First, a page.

Wednesday, April 27, 2016

Can one hear the shape of a black hole? [*]

[Edit: see also the Synopsis in APS Magazine "Physics", the coverage and this interview (in Italian) by the Italian Institute for Astrophysics (INAF), and the stories in Physics World,, Le Monde and Repubblica.]

An orchestra conductor can easily tell a gong from a bell just by their different sound. Can astronomers do the same and tell a black hole from another dark object just by detecting their different gravitational-wave signal? In our recent paper, Vitor Cardoso, Edgardo Franzin and I show that this might not be the case [preprint here].

Last February, the LIGO/Virgo Collaboration announced the first direct detection of gravitational waves by the two laser interferometers advanced LIGO. This historical discovery has been also welcomed as the first conclusive proof for the existence of black holes, the most extreme objects in the Universe. The detected signal --dubbed GW150914-- corresponds to the "pas de deux" of two massive objects, which inspiral around each other and eventually collide in a cosmic spacetime-quake. LIGO data firmly show that the two objects are extremely compact and way too massive to be neutron stars. While providing compelling evidence, this does not represent a bullet-proof confirmation of the existence of black holes by itself. After all, signatures of compact, dark and massive objects come routinely from electromagnetic observations with infrared and X-ray detectors.

What makes GW150914 really unique is that the gravitational-wave signal contains all the final stages of the cosmic evolution of the binary system: the two objects lose an enormous amount of energy through the emission of gravitational waves, approach each other and eventually merge to form a single compact object of about 62 solar masses. After the merger (which lasted only a few milliseconds!) the final object was highly distorted and underwent an adjustment phase known as the "ringdown", in which the object vibrates pretty much like a drum. Just like the notes of the drum depend on its properties (the shape, the size, the material), the "ringdown modes" should carry information about the very nature of the final object produced after the merger.

A comparison between the ringdown signal of a particle falling into a black hole (black dashed line) and the same particle falling into a wormhole (red line). The wormhole geometry is illustrated in the top right corner. The two signals are identical at early times and the "universal" ringdown waveform is associated to the particle reaching point "A" (the light ring). The real quasinormal modes of the wormhole appear only at late times, when the particle reaches the throat (point "B").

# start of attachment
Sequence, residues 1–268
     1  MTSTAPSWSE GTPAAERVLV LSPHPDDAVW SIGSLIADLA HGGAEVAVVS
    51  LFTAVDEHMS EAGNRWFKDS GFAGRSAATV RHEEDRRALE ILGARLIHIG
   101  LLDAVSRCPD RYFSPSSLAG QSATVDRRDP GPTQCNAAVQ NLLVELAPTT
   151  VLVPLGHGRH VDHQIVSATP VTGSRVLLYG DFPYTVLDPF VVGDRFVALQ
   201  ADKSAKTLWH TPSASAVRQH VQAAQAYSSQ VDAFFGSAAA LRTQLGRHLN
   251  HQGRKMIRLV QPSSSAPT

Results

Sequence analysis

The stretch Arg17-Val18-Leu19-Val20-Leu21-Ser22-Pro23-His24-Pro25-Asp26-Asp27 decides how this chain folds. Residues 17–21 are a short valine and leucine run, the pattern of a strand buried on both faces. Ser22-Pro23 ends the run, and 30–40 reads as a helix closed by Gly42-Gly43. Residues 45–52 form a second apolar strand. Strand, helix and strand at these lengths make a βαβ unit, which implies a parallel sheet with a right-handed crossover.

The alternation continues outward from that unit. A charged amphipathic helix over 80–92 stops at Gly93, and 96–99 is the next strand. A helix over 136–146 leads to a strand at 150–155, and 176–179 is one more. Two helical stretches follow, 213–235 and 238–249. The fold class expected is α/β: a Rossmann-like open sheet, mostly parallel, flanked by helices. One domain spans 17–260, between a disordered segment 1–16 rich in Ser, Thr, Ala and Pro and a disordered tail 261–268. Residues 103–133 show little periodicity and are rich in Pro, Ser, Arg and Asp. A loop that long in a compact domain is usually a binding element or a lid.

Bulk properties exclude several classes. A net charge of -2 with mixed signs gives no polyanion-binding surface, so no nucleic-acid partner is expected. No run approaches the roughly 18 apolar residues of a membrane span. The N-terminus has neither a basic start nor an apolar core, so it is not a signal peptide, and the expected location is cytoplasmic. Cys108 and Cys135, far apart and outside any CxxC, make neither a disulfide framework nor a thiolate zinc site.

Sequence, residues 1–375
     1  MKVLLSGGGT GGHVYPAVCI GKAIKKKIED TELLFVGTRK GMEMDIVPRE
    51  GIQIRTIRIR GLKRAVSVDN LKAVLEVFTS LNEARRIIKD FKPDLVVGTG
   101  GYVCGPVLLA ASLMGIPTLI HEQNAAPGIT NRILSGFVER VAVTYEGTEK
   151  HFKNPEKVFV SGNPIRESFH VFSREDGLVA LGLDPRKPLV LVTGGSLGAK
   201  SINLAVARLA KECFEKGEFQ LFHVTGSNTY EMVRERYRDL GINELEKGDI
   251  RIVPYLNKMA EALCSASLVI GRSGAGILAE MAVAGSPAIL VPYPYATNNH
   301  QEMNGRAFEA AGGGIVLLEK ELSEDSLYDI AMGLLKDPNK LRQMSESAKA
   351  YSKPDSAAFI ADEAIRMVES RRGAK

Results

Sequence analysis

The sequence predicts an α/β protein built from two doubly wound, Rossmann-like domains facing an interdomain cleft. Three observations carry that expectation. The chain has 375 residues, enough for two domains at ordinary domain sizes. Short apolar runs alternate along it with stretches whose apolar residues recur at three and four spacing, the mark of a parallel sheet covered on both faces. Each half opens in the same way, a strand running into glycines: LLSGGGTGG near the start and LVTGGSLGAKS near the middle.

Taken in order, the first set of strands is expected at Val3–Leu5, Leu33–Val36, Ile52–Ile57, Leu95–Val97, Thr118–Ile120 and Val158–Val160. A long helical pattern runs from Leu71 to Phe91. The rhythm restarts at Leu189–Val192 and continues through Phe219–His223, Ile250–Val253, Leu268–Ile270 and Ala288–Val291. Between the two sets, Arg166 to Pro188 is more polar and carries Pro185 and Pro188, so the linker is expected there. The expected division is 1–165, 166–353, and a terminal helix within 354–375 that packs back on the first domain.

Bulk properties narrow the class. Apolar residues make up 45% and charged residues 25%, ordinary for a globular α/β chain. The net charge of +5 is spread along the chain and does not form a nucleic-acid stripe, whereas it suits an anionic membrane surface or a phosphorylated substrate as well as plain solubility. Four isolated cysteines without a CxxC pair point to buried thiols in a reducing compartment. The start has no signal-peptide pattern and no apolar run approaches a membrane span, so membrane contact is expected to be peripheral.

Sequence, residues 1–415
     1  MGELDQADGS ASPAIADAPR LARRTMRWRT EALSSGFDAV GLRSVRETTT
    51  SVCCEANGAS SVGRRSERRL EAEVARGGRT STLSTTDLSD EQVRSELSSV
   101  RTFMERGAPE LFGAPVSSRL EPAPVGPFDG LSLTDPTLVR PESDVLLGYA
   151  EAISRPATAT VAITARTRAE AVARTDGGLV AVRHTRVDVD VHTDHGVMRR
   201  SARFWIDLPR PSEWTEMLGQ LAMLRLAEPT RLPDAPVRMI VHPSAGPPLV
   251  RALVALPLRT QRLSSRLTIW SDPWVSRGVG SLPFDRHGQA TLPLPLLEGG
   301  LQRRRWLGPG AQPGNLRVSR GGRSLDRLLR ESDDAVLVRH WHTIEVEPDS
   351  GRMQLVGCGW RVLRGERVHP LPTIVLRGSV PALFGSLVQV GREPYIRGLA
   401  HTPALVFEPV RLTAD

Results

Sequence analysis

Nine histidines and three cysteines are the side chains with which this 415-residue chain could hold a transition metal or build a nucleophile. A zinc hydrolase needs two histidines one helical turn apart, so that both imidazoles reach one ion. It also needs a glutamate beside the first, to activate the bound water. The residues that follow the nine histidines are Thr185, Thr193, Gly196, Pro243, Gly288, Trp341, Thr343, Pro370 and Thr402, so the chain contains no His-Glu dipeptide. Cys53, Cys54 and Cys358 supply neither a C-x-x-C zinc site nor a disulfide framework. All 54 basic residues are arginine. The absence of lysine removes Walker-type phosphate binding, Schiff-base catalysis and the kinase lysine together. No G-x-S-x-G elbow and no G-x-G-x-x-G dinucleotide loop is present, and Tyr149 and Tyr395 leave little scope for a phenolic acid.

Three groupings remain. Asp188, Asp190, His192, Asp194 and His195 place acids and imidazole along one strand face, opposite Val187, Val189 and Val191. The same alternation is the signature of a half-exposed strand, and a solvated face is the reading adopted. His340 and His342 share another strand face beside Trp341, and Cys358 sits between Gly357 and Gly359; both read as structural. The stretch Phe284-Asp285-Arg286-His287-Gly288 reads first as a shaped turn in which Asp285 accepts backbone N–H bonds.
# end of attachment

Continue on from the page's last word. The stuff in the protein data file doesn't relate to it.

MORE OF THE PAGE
Black holes are snatches in the spacetime fabric and their rim ---known as the event horizon--- vibrates in a very peculiar way that was predicted after decades of restless work by using Einstein's theory of general relativity. Scientists hope that, by detecting events like GW150914, one would be able to identify the modes of vibration of the final black hole (the so-called "quasinormal modes") from the ringdown signal. Detecting the quasinormal modes will be the definitive proof that black holes are produced in a binary merger, precisely as predicted by Einstein's theory.

In our recent work (selected as an Editor's Suggestion and featuring the cover of the current issue of Physical Review Letters), we show that this paradigm is incorrect. The vibrations of very compact objects without an event horizon are dramatically different from those of black holes (their frequency is lower and they last much longer time) and, nonetheless, the ringdown signal produced by these "black-hole mimickers" is identical to that of a black hole.

Kip Thorne among the 100 most influential people...

....and the one with the best outfit on Time!

Kip Thorne, our bet for the next Nobel Laureate in Physics, more badass than Walter White.

Thursday, April 21, 2016

Good news for eLISA

Some time ago, the European Space Agency appointed a Gravitational Observatory Advisory Team (GOAT) to assess the technical feasibility and effort of the space mission eLISA to build a laser interformeter for gravitational-wave detection. eLISA is the (much) bigger sister of aLIGO and aVirgo, but it operates in space and its arms are longer than 1 million km!

The GOAT reported that the mission is not only technically feasible but scientifically compelling and suggests to anticipate the proposed launch date from 2034 to 2029. It's a very exciting time for gravitational-wave science!

Read the rest of the story on BBC.

Artistic illustration of eLISA's concept

Sunday, April 3, 2016

Frank Wilczek on the future of Physics

"What will the next 100 years in physics bring? I don’t know, of course, but it is a mind-expanding question to contemplate." 
This how Nobel Laureate Frank Wilczek starts his beautiful essay on the future of Physics. A must-read!

Frank Wilczek is is Herman Feshbach Professor of Physics at the MIT. In 2004, he shared with David Gross and H. David Politzer the Nobel Prize in Physics for
their discovery of asymptotic freedom in the theory of quantum chromodynamics.